By: Megan Gulland, Eryn Jackson
and Jessica Calk
 William
Carlos Williams uses imagery and
movement to compare the skills of a writer
and the skills of a painter.
Briar: A Mediterranean shrub
or small tree with hard,
woody roots and thorns.
Hipped: interested or
Static: lacking in movement,
action or change.
A man who is a writer and was once intrigued in
“I, a writer, at one time hipped on painting”
He sees regular objects in a more artistic way
than most, which helps him to see the movement
in the paintings.
He talks about 3 different art styles:
 Painting
 “irregularly as an accompaniment” – refers to music
 Imagery:
“- The flowers, the gloves-” (Stanza 2, line 2)
“A series of varying leaves clinging”(Stanza 4,
Lines 3-4)
“The cat-briar after last night’s storm, its
waterdrops ranged upon the arching stems
irregularly”( Stanza 5, Lines 1-4)
 He
talks about paintings in order to
help the reader imagine what he
 He wants the reader to be able to
see what he sees
 “A
pregnant motion” ( Stanza 4, line 2)
Meaning an important motion
 “but
the thinking male or the charged and
delivering female frantic with ecstasies”
Williams feels like the paintings come to life.
 “the
arching stems irregularly as an
A simile is a comparison of one thing and another
of a different kind
 Williams
uses metaphors and similes to show
the reader that he believes, that since he is
a writer and is intrigued with painting, that
he has a more creative mind.
Raindrops on a Briar
I, a writer, at one time hipped on
painting, did not consider
the effects, painting,
for that reason, static, on
the contrary the stillness of
the objects- the flowers, the glovesfreed them precisely by that
from a necessity merely to move
in space as if they had beennot children! but the thinking male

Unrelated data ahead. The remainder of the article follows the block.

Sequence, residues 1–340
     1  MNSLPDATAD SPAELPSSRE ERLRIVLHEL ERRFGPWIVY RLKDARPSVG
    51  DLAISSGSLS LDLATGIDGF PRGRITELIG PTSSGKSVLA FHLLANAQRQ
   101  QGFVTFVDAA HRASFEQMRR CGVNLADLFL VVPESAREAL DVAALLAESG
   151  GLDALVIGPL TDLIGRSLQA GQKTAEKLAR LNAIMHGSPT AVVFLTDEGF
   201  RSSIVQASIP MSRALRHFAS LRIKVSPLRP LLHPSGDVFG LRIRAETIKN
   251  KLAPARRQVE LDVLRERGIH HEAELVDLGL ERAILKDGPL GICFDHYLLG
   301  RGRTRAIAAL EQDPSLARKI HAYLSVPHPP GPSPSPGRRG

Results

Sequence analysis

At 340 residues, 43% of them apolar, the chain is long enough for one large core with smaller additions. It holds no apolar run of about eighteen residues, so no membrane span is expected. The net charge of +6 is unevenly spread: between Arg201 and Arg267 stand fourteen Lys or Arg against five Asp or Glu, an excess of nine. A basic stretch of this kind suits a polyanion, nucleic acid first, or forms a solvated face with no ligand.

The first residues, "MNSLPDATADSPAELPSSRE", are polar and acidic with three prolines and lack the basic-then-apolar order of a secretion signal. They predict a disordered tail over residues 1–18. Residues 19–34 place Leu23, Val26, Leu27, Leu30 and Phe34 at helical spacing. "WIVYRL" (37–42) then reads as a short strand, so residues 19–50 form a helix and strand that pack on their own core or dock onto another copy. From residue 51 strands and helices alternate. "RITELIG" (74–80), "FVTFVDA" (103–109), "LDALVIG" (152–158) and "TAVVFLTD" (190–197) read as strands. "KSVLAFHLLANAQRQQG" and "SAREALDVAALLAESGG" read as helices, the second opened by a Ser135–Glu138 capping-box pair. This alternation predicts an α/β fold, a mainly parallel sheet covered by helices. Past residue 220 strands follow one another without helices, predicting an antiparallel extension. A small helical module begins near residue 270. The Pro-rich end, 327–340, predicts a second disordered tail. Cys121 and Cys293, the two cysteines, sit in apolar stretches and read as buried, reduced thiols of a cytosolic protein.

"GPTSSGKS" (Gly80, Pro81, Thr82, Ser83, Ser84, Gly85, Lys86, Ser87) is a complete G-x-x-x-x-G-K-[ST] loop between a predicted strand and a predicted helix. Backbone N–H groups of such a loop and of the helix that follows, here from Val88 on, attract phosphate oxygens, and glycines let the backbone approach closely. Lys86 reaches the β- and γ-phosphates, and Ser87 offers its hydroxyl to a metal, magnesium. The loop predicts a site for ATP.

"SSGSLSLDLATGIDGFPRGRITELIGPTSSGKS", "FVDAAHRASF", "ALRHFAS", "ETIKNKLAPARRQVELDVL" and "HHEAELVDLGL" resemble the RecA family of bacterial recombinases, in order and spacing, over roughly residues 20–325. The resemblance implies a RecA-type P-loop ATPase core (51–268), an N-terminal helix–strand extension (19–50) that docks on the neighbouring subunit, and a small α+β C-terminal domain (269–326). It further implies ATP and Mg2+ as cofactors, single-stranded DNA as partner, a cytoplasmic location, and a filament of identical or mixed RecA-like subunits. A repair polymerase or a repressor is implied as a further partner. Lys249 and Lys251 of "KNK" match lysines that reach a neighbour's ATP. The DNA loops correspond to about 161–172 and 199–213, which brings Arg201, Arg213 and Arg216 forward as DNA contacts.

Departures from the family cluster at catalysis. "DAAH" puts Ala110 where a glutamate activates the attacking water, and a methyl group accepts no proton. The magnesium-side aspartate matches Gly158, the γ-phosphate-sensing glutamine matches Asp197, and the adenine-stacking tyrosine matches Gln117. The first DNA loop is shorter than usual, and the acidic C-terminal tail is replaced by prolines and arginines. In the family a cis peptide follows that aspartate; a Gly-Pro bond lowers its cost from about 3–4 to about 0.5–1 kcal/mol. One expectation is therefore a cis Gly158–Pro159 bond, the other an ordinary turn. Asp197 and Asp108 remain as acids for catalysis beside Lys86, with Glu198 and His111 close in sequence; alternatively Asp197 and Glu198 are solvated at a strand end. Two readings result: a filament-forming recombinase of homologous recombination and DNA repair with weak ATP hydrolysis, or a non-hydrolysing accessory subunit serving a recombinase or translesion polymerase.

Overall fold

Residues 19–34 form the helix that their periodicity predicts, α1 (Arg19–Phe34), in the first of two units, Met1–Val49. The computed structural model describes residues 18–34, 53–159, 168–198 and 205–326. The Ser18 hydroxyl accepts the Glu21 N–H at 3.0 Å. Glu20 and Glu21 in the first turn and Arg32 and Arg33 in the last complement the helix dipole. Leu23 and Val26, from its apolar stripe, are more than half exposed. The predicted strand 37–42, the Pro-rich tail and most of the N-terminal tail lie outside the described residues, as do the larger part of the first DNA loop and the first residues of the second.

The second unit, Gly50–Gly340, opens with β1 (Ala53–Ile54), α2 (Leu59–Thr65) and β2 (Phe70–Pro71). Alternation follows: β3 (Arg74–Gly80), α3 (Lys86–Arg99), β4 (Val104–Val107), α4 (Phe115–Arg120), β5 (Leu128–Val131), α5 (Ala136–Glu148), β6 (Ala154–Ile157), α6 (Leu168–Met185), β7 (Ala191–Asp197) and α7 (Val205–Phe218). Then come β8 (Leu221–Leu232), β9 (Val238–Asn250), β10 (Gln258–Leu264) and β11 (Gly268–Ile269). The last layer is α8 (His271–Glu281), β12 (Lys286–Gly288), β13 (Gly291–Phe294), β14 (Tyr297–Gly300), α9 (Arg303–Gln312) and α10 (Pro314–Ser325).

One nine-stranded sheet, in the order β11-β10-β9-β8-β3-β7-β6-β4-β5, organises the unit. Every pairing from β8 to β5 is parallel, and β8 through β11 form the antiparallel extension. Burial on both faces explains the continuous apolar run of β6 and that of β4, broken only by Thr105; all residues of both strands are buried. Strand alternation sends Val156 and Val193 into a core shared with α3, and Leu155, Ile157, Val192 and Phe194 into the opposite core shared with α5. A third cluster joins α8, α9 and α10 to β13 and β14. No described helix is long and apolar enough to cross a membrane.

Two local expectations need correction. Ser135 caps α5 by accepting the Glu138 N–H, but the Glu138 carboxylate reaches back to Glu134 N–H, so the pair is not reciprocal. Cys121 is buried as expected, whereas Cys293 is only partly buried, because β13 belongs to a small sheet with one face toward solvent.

or the charged and delivering female frantic with ecstasies;
served rather to present, for me,
a more pregnant motion: a
series of varying leaves
clinging still, let us say, to
the cat-briar after last night’s
storm, its waterdrops
ranged upon the arching stems
irregularly as an accompaniment.
Green: The repeating
sound of “ing” x7
Red: The repeating
sound of “ly” or “ty” x4
Purple: Alliteration - 2
 All
of the “ing” words are verbs.
It seems William Carlos Williams is telling us the
things he was doing and how he feels about it. It
kind of gives us the sense that he was writing,
like someone would in a diary. Like, he was
telling a story, not really a poem.
 4 lines in each stanza
 There are many dashes and commas
“The contrary the stillness of
the objects—the flowers, the gloves—
freed them precisely… etc.”
 There
is one period and it is at the end
 There is one exclamation mark in stanza 3,
line 2
 Williams
uses this format in the poem to help
emphasize the important parts of the poem.
Speaker: A man who writes and enjoys painting
Point of View: First Person
Tone: Informative
 “I, a writer, at one time hipped on painting”
 The poem is very choppy, which kind of makes the poem
harder to understand or follow.
Mood: Relaxed
He doesn’t really show much emotion
 The entire poem is a run on line, where
more information carries over from one line
to the next.
 Williams
does this to inform the reader of
how creative he is and how creative they can
be by looking into different forms of art.
 He makes the poem choppy and difficult to
read because both painting and writing can
be difficult to understand.
 Juxtaposition:
It’s showing the reader how the narrator has a
more creative mind, because he can see how the
paintings move.
Mini Activity: Get with partner and try to draw two pictures that
juxtapose one another. (2-3 minutes)
 He
adds in juxtaposition to help compare
His creativity with others
Painting and writing
Movement and Static
 Structure:
The Bitter World of Spring
 Nature:
Spring and All
The Widow’s Lament in Springtime
The theme of nature is reoccurring
 Write
a 2-3 line poem with a partner, and
then try to “draw the poem.”
 Then discuss, did it turn out the way you
 Overall
William Carlos Williams uses imagery
and movement to show how he is more
creative because he is a writer, and can see
movement within the paintings. Williams
feels that the paintings come to life and he
understands the painter through their

Raindrops on a Briar 1A